Drugs in Prison: A Critical Exploration of Prison as a Vehicle for The Rehabilitation of Problematic Drug Users

McDonough, James David (2019) Drugs in Prison: A Critical Exploration of Prison as a Vehicle for The Rehabilitation of Problematic Drug Users. Masters thesis, University of Central Lancashire.

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This study is a qualitative research project. Semi-structured interviews were held with three professionals who worked with problematic drug users, prisons, or both. The participants were: a former prison officer, an outreach leader for a drug and alcohol recover service, and an inspirational speaker and team builder for prison staff. They were chosen in order to explore exactly how rehabilitative prisons are for problematic drug users and what areas of concerns need to be addressed and what methods would be best. It became clear throughout this study that prisons are not rehabilitative by nature. There are a variety of institutional problems that arise which directly impact the potential for problematic drug users to rehabilitate. Prisons have three primary functions: containment, punishment and rehabilitation. The institution itself affects the likes of social understandings regarding criminals and people who are socially and economically disadvantaged. Which in return creates a higher prevalence of containment and punishment as the impact is wider than the individuals experience during incarceration. Inherently reducing the prevalence and impact of rehabilitation.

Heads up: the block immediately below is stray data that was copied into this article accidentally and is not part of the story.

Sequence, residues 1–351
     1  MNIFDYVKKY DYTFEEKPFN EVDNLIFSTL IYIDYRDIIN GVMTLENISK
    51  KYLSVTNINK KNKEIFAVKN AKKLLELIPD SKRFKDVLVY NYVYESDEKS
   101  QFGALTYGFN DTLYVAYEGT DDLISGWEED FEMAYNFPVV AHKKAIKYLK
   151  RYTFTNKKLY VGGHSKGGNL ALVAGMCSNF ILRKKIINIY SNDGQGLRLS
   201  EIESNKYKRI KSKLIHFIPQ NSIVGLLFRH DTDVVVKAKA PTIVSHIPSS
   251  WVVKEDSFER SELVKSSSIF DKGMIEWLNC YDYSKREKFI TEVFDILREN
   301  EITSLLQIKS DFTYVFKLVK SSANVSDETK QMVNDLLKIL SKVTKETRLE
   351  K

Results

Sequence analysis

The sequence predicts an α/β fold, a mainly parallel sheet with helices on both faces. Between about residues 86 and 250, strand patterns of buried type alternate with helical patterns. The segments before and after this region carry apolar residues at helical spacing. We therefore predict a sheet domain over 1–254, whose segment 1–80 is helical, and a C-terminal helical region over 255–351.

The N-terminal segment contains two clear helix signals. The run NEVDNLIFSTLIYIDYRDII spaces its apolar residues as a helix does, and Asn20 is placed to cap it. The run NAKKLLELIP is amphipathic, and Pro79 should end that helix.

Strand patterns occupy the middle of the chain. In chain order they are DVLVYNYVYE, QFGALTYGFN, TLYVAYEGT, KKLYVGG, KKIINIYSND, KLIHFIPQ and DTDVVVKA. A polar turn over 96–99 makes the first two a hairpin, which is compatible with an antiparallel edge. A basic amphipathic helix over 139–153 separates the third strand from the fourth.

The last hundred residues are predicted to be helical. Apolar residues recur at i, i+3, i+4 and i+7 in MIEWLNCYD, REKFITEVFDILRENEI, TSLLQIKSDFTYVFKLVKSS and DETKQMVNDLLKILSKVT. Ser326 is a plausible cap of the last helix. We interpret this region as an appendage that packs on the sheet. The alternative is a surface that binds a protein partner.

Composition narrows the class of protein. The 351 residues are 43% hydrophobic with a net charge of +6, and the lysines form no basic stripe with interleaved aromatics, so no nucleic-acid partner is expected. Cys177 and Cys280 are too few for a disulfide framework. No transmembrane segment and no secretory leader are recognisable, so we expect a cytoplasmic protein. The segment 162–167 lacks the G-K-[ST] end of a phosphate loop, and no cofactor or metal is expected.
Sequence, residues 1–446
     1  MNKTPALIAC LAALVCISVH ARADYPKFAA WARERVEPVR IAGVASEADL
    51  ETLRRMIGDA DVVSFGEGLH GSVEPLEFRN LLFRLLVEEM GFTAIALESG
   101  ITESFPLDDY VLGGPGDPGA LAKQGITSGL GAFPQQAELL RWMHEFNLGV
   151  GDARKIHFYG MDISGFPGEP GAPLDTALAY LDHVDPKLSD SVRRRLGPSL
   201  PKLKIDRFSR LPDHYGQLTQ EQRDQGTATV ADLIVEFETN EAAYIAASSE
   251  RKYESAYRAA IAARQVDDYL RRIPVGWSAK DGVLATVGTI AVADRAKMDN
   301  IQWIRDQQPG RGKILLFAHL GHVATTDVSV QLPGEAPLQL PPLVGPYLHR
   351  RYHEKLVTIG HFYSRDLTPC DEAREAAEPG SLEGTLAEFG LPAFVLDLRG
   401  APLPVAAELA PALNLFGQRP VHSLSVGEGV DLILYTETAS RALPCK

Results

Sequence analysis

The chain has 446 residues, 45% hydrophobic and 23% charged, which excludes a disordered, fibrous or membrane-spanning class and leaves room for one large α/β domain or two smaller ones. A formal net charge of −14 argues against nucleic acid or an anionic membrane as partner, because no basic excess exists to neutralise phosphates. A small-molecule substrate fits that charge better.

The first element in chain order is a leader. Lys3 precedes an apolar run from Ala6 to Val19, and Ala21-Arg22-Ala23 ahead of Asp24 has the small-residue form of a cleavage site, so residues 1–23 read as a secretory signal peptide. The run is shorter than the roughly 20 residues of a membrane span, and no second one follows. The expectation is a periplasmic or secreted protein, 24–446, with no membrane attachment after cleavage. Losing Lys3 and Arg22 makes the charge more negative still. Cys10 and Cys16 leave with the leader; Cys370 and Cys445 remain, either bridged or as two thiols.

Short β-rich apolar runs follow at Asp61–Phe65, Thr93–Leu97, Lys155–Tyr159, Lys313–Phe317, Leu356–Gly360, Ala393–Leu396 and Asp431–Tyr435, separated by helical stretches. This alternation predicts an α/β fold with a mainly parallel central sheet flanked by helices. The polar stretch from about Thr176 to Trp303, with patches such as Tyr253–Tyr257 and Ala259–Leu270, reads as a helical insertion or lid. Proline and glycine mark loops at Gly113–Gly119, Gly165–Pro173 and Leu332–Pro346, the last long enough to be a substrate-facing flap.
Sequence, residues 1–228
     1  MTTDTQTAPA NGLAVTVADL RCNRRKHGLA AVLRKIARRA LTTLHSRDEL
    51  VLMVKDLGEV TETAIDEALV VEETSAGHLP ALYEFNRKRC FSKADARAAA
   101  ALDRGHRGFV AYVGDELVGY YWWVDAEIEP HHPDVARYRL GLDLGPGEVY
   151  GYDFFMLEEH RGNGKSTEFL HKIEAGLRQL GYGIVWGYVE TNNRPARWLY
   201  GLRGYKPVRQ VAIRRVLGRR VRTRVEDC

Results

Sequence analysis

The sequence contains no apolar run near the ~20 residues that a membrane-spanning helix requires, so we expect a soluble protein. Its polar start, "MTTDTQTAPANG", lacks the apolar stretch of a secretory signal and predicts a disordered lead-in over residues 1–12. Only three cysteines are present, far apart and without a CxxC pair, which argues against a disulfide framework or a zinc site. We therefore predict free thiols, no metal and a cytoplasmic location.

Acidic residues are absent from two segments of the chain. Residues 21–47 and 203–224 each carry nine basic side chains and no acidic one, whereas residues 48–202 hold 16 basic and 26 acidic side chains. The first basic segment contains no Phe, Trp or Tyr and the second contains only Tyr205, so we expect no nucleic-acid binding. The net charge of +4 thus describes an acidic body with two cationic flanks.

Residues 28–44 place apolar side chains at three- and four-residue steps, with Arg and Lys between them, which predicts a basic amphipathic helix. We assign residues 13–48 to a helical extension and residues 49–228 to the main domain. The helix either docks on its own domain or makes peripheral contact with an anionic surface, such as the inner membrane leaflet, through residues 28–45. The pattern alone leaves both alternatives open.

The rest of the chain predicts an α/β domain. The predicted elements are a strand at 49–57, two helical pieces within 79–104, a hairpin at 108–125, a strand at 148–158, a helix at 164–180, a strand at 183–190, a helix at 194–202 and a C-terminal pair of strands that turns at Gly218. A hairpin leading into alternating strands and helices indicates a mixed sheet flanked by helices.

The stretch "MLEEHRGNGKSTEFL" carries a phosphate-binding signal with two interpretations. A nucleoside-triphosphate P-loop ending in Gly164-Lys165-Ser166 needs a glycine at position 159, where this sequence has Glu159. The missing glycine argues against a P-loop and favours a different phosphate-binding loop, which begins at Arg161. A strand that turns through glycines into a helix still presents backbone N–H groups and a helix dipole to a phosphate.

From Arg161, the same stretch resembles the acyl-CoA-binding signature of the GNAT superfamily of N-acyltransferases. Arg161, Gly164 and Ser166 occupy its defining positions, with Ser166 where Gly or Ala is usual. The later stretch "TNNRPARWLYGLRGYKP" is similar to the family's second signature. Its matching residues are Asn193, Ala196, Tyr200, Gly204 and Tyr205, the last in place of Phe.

It became apparent during the research that the participants were aware of the sociological impact that prisons have but had different degrees of understanding. They understood that prisons are primarily contained of socially disadvantaged communities and they understood recidivism was prevalent. However, placed the responsibility upon the prisoners who ‘failed’ to rehabilitate. They each argued for further reformative responses to be focused upon to improve the prison conditions, whereas addressing a response of decriminalisation was met with misinformation and/or being against it. Which is the opposite of what the literature shows.

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